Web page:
Volterra:
That's a tough question. I don't know how to answer that. We really, our office, we get paid basically at an hourly rate. We're on salary, but if we stay to work extra hours we will be paid for the extra time on an hourly rate. So the more time you put in here, the more money you make here.

Q: Is the money good?
Volterra:
I think civil engineering in general, students when they come out of school are hired at a fairly decent pay scale and compared to some other professions can make quite a bit of money in their early years. I think one of the things that tends to bother some people later on in civil engineering is that there may be a salary cap, so to speak, that it doesn't continue to go up as fast as some of the other professions. It's a slower pay increase per year.

Q: What does it take to be successful in this line of work?
Volterra:
I really encourage people to work on their communication skills. It's a very team-oriented profession. And you can't underestimate the power of those skills that are sometimes overlooked in classroom studies of engineering. There are very few courses in most programs that are dedicated towards presentation of data, and giving presentations, and preparing reports, writing skills.

Q: How did you find this job?
Volterra:
When I was in graduate school my advisor helped to move me in the direction of finding work and helped me with my resume with some cover letters, and gave me an idea of the type of place I might want to work. Gave me some names of firms that I might be interested in. And gave me some contacts of who to call and who to be in touch with and who to write those letters to. That was a big help. I encourage people to talk to their professors who know quite a bit about the field. When I graduated from undergraduate, although I had the educational background, I knew very little about what practice would be like, about what my daily tasks would be. But, I looked towards my professors to sort of point me in that direction.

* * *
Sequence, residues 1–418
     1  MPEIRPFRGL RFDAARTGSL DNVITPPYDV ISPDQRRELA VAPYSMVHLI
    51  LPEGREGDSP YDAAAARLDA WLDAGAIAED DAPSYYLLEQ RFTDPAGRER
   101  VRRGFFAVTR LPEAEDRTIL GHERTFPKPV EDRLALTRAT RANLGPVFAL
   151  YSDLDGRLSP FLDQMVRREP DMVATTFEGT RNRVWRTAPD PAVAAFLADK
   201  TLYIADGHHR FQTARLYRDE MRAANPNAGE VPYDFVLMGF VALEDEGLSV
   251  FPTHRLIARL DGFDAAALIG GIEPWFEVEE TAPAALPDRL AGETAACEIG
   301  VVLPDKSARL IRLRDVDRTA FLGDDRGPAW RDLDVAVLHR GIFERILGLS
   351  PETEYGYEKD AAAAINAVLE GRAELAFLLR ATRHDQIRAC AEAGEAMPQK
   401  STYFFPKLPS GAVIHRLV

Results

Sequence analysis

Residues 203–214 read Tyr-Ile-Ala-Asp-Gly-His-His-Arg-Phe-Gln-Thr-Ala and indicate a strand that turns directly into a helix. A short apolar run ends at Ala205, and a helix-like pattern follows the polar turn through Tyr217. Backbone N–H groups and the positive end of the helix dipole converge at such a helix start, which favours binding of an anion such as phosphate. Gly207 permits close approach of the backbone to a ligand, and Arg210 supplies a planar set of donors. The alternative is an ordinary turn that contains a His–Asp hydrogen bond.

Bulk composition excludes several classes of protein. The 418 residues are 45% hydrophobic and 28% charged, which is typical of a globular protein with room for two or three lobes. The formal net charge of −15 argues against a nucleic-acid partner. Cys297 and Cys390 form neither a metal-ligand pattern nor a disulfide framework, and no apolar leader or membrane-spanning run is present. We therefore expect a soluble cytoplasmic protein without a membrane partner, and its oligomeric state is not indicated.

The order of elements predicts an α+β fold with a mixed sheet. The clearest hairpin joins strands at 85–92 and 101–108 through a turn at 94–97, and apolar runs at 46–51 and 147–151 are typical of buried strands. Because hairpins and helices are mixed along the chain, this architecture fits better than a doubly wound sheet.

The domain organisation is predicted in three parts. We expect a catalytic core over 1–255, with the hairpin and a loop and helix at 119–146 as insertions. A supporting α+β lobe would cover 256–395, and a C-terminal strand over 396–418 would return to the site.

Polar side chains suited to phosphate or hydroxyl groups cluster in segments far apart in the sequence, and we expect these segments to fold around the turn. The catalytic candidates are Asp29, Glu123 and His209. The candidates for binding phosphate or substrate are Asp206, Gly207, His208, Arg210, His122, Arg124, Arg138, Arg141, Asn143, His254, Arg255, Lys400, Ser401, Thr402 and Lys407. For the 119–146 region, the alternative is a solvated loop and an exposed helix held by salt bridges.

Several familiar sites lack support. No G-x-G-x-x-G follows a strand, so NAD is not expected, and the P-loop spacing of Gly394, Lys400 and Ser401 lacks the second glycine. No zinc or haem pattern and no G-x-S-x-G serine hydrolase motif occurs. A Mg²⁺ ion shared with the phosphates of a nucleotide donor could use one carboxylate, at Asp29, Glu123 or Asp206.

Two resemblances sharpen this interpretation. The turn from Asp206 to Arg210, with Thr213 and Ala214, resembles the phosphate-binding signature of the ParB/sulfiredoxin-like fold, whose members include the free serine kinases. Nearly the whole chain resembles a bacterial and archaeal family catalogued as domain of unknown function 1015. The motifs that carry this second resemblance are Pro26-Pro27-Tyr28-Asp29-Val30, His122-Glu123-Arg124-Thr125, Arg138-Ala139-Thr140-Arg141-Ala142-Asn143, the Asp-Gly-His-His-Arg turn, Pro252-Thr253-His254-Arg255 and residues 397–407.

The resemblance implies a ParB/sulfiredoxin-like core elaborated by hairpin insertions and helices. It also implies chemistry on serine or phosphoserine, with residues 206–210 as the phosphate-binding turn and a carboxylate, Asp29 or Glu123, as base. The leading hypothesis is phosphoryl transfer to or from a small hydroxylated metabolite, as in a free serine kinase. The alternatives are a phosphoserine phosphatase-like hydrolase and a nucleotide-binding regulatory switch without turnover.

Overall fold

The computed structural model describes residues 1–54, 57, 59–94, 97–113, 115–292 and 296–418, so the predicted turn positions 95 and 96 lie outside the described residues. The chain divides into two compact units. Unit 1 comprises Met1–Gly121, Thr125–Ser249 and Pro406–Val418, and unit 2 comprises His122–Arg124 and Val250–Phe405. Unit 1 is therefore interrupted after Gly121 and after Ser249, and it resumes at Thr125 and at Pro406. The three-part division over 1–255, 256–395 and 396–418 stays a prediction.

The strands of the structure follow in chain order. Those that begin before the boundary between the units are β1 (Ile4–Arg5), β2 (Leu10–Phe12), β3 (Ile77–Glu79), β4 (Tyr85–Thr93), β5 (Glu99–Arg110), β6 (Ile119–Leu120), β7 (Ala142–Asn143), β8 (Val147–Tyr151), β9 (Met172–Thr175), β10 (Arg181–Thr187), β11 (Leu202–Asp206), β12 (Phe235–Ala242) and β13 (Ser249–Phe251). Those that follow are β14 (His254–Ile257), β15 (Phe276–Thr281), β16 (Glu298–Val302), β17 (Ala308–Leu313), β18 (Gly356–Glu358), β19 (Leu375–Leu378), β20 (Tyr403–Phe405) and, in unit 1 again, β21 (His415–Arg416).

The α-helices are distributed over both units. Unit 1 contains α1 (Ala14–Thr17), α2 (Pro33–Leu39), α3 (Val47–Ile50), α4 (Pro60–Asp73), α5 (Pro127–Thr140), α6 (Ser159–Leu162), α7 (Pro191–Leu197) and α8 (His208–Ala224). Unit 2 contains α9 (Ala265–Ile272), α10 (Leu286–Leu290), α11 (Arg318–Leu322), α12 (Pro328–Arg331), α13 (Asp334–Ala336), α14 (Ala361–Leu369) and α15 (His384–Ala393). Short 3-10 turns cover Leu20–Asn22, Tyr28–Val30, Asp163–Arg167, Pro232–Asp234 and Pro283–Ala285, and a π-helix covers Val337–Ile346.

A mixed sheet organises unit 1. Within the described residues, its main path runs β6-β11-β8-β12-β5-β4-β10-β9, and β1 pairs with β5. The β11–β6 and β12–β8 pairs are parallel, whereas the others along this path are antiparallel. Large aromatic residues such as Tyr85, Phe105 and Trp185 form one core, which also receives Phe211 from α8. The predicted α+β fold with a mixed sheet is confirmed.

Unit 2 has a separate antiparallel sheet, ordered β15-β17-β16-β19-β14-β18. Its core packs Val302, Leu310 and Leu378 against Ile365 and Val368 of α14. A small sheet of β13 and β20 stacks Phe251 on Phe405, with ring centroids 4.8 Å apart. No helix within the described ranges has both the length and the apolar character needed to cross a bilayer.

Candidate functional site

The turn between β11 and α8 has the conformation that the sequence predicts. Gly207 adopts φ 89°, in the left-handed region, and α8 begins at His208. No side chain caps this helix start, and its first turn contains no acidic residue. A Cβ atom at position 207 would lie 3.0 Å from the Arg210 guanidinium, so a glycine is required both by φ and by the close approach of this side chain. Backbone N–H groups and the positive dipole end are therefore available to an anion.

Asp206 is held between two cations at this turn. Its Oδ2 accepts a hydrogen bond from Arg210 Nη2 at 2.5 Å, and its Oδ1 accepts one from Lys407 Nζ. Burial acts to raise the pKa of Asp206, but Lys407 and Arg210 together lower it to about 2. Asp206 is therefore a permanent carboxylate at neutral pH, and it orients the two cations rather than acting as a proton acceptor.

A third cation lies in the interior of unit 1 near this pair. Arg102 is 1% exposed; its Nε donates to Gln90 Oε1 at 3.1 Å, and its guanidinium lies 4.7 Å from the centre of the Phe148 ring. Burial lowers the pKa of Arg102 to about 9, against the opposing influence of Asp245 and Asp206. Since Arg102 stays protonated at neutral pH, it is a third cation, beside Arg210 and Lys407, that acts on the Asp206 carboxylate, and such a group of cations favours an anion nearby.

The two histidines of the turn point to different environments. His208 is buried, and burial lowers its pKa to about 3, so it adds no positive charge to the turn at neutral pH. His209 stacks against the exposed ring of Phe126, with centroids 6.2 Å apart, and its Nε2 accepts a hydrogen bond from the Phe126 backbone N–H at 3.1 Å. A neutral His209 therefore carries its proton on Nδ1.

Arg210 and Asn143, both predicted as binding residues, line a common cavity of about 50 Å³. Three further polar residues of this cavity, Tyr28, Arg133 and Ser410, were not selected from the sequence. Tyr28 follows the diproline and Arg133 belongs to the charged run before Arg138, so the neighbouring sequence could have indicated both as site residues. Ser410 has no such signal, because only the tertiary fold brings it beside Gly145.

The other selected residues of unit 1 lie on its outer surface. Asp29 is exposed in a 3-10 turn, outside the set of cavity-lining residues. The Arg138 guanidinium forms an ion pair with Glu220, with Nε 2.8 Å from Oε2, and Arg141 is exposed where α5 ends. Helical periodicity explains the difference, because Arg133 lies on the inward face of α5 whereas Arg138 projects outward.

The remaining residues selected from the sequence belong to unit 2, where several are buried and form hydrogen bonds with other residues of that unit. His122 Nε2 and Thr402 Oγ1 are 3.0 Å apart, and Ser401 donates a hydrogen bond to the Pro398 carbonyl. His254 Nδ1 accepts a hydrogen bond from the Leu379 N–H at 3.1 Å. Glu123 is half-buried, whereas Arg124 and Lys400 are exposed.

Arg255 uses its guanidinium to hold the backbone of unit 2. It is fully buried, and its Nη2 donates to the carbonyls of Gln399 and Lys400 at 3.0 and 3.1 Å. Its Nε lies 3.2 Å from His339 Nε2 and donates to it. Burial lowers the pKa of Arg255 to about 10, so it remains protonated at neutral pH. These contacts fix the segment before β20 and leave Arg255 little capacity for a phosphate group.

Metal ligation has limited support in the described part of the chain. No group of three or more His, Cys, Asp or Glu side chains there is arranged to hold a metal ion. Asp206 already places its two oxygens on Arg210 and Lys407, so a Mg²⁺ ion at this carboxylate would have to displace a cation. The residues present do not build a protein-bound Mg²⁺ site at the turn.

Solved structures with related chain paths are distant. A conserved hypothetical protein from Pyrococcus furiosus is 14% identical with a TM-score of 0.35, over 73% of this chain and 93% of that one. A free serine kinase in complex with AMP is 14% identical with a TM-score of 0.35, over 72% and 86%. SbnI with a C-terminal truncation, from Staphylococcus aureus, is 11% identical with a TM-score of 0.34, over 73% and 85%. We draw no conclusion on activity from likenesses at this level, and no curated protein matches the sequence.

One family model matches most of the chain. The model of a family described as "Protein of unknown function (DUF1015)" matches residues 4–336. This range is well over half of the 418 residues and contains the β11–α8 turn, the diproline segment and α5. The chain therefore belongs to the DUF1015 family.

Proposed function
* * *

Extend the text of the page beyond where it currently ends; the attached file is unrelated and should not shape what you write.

Q: Tell me about these daily tasks.
Volterra:
My first two years with Mueser Rutledge I spent quite a bit of time, probably on average, half of my time, out in the field, on the project, watching the project being constructed, taking the contract documents, working with -- I was the liaison between the contractor and the client -- and working towards those project goals and making sure things were done as they were prepared and planned. Half of my time that was spent in the office, I spent quite a bit of time preparing proposals for work, doing some calculations, some foundations work, looking at the different designs and what would need to be done in the field. But having the knowledge of knowing who's doing the work in the field, and really what's going on out in the field, is invaluable, is irreplaceable really with that, being able to perform the calculations you really have to have a feel for how things are done out in the field.